This blog is taken from the free webinar "Build Consumer Quality Candidate Experiences Online," which you can watch here.
In order to get more of the right kind of candidates, a company must focus on the candidate experience, broadly defined as the quality of the interactions a potential candidate has with a prospective employer from the point of curiosity about working for that employer all the way through to an accepted and signed offer letter. The candidate experience can be influenced by the employer brand, or the perception of the promise made in terms of what it’s like to work for the company, as well as ads, jobs, job descriptions, career site content and navigation, social network content and integration, application process, post-application engagement, any communication between the organization and the candidate, recruiter interactions, scheduling logistics, the environment such as the interview space and lobby, interviews, the offer, and the communication of that offer.
While the candidate experience might be easier to understand and influence with the candidates you know (the ones who apply), an important part of providing a positive candidate experience overall is making sure that the experience is positive with all potential candidates, even the ones you don’t know. What is their perception of the employer brand, ads, jobs, job descriptions, career site content and navigation, social network content and navigation, and the application process?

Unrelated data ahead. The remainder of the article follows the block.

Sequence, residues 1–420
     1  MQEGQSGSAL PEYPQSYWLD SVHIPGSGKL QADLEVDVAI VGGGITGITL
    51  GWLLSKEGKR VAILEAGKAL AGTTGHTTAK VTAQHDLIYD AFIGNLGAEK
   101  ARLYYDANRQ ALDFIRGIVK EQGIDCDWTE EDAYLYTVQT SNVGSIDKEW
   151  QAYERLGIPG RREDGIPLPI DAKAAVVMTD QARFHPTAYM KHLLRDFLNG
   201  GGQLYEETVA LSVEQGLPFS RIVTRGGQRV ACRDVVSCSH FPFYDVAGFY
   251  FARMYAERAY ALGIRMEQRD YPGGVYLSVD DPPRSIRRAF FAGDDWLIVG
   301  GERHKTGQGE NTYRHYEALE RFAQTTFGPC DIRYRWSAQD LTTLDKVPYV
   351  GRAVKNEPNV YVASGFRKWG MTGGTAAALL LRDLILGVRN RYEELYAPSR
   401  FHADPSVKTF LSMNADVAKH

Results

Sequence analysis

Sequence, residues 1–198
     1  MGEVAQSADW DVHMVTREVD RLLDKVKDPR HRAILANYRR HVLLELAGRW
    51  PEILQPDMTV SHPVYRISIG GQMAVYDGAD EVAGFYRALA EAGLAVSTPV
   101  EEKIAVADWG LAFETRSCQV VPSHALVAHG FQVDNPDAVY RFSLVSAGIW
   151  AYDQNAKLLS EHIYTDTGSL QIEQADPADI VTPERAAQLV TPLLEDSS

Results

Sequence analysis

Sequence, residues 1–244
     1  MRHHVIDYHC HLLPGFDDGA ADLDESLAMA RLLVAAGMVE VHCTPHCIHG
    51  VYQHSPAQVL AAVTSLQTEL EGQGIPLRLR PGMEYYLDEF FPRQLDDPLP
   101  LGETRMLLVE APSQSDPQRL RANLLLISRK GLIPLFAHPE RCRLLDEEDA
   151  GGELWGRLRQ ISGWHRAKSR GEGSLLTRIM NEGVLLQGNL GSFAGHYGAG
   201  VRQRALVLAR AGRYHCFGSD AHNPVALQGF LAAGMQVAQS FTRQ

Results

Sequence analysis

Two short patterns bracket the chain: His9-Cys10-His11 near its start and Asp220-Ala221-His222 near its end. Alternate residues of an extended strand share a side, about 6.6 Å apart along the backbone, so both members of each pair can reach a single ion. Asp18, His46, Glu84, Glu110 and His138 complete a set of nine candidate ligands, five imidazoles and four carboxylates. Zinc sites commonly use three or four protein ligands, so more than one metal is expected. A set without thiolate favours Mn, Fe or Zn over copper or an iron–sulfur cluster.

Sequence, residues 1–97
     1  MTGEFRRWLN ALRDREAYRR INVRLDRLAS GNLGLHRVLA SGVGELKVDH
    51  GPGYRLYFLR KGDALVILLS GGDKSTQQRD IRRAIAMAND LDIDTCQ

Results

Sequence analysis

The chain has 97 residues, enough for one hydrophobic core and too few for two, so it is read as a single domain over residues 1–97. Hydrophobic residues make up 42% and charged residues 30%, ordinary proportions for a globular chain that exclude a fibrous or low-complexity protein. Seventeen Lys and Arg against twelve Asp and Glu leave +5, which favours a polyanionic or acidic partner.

This subset of candidates is extremely important because it represents the majority of your interactions. The examples to the right are from one of Talemetry's clients who received 964,000 job views over a two month period. Of the 964,000 job views, 111,000 started the application process. Of the 111,000 who started the application process, only 26,000 finished the process and became applicants (FYI, that's a stellar visitor to applicant rate). It’s only at this point when the candidates become known to the company. That means that, if the'yre doing a great job, a company only gets to know 3% of those who interact with them online. Make no mistake, these potential candidates are have vital interactions with your brand and drawing conclusions about you as an employer while they are on your career site.
Companies need to work towards improving the experience for that 97% of interactions with potential candidates they never get to know. Being able to make small incremental improvements within that ratio can translate into huge gains in terms of how many people they are able to interact with and get to know. For example, improving the candidate experience to increase that 3% of applicants to 10% means that the initial 26,000 applicants turns into almost 100,000 applicants. Those 617 hires become 2,278, lowering cost per hire and cost per applicant and increasing the ability to hire the right people. Changing the numbers by just a few percentage points means that you can triple to quadruple your results.
Think about it another way. Only a small number of candidates are ultimately "happy." In the example above, only 617 out of nearly a million people were hired. That's 4/100ths of one percent. The other 99.96% are somewhere between satisfied and frustrated. And these candidates are potential customers, voters, social network commenters and potential gold star employees for your competitors. They can influence your overall employer brand perception and your bottom line business. Providing a positive candidate experience right from the start, at the point of curiosity, encourages them to continue through the process, apply, and potentially become your next gold-star employee.
If you'd like to learn some key strategies for delighting candidates online, download our free candidate experience strategy snapshot report.